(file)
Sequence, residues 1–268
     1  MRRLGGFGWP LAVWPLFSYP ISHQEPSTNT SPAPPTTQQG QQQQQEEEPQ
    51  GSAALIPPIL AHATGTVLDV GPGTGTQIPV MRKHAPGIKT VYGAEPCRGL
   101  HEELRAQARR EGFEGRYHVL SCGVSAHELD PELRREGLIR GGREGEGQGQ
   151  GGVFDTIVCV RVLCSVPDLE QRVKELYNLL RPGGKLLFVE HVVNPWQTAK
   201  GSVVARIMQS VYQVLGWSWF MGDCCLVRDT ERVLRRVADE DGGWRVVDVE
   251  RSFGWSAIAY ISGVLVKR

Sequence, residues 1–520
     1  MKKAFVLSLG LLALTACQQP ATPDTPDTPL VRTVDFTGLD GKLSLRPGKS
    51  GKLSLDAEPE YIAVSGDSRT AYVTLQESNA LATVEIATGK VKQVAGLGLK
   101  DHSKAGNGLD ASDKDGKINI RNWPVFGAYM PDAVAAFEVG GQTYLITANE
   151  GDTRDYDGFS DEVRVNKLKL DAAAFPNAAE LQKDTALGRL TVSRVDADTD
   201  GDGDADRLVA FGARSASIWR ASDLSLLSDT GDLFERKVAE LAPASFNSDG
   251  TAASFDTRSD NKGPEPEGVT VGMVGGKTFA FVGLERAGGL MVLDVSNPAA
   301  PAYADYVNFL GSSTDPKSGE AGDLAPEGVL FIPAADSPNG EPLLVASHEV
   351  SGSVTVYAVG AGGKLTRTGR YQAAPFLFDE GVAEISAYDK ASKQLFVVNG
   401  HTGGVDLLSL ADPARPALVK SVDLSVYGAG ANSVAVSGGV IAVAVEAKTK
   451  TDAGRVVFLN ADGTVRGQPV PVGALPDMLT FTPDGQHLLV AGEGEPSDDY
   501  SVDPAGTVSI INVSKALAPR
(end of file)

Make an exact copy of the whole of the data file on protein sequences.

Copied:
Sequence, residues 1–268
     1  MRRLGGFGWP LAVWPLFSYP ISHQEPSTNT SPAPPTTQQG QQQQQEEEPQ
    51  GSAALIPPIL AHATGTVLDV GPGTGTQIPV MRKHAPGIKT VYGAEPCRGL
   101  HEELRAQARR EGFEGRYHVL SCGVSAHELD PELRREGLIR GGREGEGQGQ
   151  GGVFDTIVCV RVLCSVPDLE QRVKELYNLL RPGGKLLFVE HVVNPWQTAK
   201  GSVVARIMQS VYQVLGWSWF MGDCCLVRDT ERVLRRVADE DGGWRVVDVE
   251  RSFGWSAIAY ISGVLVKR

Sequence, residues 1–520
     1  MKKAFVLSLG LLALTACQQP ATPDTPDTPL VRTVDFTGLD GKLSLRPGKS
    51  GKLSLDAEPE YIAVSGDSRT AYVTLQESNA LATVEIATGK VKQVAGLGLK
   101  DHSKAGNGLD ASDKDGKINI RNWPVFGAYM PDAVAAFEVG GQTYLITANE
   151  GDTRDYDGFS DEVRVNKLKL DAAAFPNAAE LQKDTALGRL TVSRVDADTD
   201  GDGDADRLVA FGARSASIWR ASDLSLLSDT GDLFERKVAE LAPASFNSDG
   251  TAASFDTRSD NKGPEPEGVT VGMVGGKTFA FVGLERAGGL MVLDVSNPAA
   301  PAYADYVNFL GSSTDPKSGE AGDLAPEGVL FIPAADSPNG EPLLVASHEV
   351  SGSVTVYAVG AGGKLTRTGR YQAAPFLFDE GVAEISAYDK ASKQLFVVNG
   401  HTGGVDLLSL ADPARPALVK SVDLSVYGAG ANSVAVSGGV IAVAVEAKTK
   451  TDAGRVVFLN ADGTVRGQPV PVGALPDMLT FTPDGQHLLV AGEGEPSDDY
   501  SVDPAGTVSI INVSKALAPR